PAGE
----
Paper about Pentecostal Masculinity at Conference on Religious Narratives of AIDS

The International Research Network on AIDS and Religion in Africa (IRNARA) organises a conference on “Biographies in Times of Crisis: Exploring Religious Narratives of AIDS in Africa and the African Diaspora” (Groningen, the Netherlands, December 13-15, 2012). At the conference I will present a part of my ongoing research on religion, masculinities and AIDS in Africa. Here’s the title and abstract of my presentation.

Rewriting the Male Self:

Masculinity and Social Vulnerability in the Conversion Narratives of Pentecostal Men in Zambia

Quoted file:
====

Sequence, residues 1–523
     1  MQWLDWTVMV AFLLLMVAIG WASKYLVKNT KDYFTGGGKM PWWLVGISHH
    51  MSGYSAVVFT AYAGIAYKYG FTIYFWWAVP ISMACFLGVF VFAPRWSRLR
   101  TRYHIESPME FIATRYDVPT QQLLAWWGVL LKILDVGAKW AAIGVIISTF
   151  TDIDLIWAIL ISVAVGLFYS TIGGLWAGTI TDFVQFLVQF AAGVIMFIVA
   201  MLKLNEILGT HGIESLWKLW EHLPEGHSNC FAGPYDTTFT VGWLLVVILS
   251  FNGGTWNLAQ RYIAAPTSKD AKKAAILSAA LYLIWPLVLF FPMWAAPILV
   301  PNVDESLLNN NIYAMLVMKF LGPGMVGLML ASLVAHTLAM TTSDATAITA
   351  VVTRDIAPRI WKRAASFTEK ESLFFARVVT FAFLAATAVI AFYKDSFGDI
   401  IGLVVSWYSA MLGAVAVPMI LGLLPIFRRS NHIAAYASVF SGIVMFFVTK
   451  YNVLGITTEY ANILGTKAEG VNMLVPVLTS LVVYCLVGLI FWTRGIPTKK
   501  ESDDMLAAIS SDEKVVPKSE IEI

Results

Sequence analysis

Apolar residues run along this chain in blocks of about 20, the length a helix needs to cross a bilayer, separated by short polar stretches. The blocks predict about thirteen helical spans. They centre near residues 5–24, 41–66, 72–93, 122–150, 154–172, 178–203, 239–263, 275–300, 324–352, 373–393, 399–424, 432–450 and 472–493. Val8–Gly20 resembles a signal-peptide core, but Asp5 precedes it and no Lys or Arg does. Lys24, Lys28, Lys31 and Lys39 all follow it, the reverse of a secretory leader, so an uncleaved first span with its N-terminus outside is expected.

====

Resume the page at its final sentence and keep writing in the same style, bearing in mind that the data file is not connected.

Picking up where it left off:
The HIV epidemic has revealed the dangerous fragility of masculinity in many men’s attempts to act out the ideal of the ‘real man’. It is becoming increasingly clear that living up to the hegemonic norms of masculinity puts men (and women) at risk for HIV infection. At the same time, precisely because of these hegemonic norms, HIV prevention messages seem to have little effect among men, particularly male youths. But of course, after three decades of HIV and AIDS, men often have their own experiences of suffering, disease, death and social disruption caused by the epidemic. This paper investigates how men, against this background of social and existential vulnerabilities, are rewriting the male self and how religion provides them with the means to do so. The paper’s empirical basis consists of interviews with about fifteen Zambian men who identify as born-again Christians and who are members of a Pentecostal Church in Lusaka. The interviews reveal that becoming born again and living as born-again Christians has an enormous impact, not only on these men’s religious but also on their gender identities. For them, the break with the past advocated by Pentecostalism entails a break with popular forms of masculinity in society, which they associate with drinking, sexual aggressiveness, violence, absence from the family and the oppression of women. Becoming born again means that they adopt a new, ‘biblical’ and ‘Christian’ understanding of manhood, defined in terms of responsibility and self-control. The paper discusses how Pentecostal Christianity and in particular its programme of born-again conversion is a discursive regime through which men can rewrite the male self and are reshaped into a born-again masculinity that overcomes the fragility and vulnerability of popular masculine ideals and that yet make them ‘real men’, even more than before conversion.

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